3 Priorities to Build a Stronger Spring for Running

A solid plan to build a better spring doesn’t have to be grueling or time-consuming, explains Running Rewired author Jay Dicharry.

It also doesn’t have to feature muscle confusion, muscle occlusion, or a host of other trendy terminology. We will use the process of overload of fundamental movements to demand more from your body in a calculated way, and your body will respond. To achieve run-specific gains, you will need to practice the movements that will achieve these three objectives:

1. Produce horizontal force with a powerful deadlift pattern. This includes front-to-back movements that engage the powerful muscles around the hips.

2. Produce vertical force with a fluid squat pattern. This involves mostly up-and-down movements that split the work between the muscles around the knees and the hips.

3. Establish 3D postural control in the core. Moving heavy loads requires the core to be engaged, anchoring the legs and upper body.

Every movement fits into one of these three categories. And every movement has a specific purpose: to improve your running.

Variety and repetition are the building blocks of motor learning and skill development. When you become stronger, your preferred muscle recruitment shifts from the front side of your body to the backside of your body. This allows you to maintain better postural control and put more drive into your gait. Some truly magical things happen to your running form once you change what your body is capable of achieving.

Running Rewired includes 83 exercises and 15 Rewire Workouts that are designed in part to help you build a stronger spring for higher performance running. For now, let’s take a look at three exercises that meet our three goals above: horizontal force, vertical force, and 3D postural control.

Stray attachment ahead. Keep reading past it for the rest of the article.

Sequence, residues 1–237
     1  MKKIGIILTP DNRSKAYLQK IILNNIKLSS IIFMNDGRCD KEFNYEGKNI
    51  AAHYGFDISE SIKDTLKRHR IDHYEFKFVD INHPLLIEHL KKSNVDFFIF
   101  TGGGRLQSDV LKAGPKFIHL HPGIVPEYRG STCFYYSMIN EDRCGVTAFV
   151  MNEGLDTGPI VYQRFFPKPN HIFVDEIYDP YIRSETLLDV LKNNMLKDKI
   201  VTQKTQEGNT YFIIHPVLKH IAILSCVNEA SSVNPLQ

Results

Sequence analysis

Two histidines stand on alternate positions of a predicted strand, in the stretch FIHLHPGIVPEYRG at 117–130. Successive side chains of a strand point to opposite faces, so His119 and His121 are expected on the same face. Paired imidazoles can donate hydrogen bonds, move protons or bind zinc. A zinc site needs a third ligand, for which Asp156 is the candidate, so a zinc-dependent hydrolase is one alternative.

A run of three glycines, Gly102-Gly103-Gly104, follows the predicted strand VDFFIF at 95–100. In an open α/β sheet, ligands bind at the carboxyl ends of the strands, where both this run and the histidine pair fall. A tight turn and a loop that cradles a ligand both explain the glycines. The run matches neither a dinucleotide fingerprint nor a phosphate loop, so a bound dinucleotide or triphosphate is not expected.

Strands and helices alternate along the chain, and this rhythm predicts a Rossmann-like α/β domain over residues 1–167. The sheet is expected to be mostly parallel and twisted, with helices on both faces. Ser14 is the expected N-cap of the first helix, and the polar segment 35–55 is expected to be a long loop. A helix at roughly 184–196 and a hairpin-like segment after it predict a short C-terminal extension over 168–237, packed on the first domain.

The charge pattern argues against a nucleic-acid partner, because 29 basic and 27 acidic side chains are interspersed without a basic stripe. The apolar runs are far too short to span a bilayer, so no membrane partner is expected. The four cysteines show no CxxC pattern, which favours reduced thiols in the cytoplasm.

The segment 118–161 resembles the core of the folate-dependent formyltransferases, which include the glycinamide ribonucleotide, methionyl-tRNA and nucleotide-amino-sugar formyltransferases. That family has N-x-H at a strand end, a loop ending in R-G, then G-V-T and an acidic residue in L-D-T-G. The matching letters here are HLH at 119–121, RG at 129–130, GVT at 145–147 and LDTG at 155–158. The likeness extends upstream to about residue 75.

Suitcase Carry

– Hold a kettlebell or dumbbell in one hand, and let it hang down at your side.
– Keep your shoulder blades packed down along your ribs and actively counter your tendency to lean away from the asymmetric load.
– Hold yourself completely vertical as you walk for 30 seconds.
– Do 4 30-second carries.
More about this exercise at Velopress.com

Kettlebell Squat

– Hold a kettlebell tight to your chest in both hands with shoulder blades spread wide and locked down on the back. Your feet should be slightly more than shoulder-width apart.
– Staying centered over your feet, sink your hips back and down in a squat until your elbows touch your thighs.
– Keeping a neutral spine, drive back up to standing position.
– Do 3 sets of 8 reps.
More about this exercise at Velopress.com

Landmine Single-Leg Deadlift

– Position one end of a 45-pound Olympic bar on the floor in the corner to anchor it.
– With the free end of the bar perpendicular to your body, stand on your outside leg and hold the bar in the opposite hand; let your arm hang down straight. Raise your free arm out to the side for balance if needed.
– Hinge your hips back while keeping your spine completely straight and lower the bar while raising your back leg behind you.
– Push your hips forward into the bar to return to the starting position.
– Face the opposite direction to work the other side.
– Do 3 sets of 8 reps on each leg.
More about this exercise at Velopress.com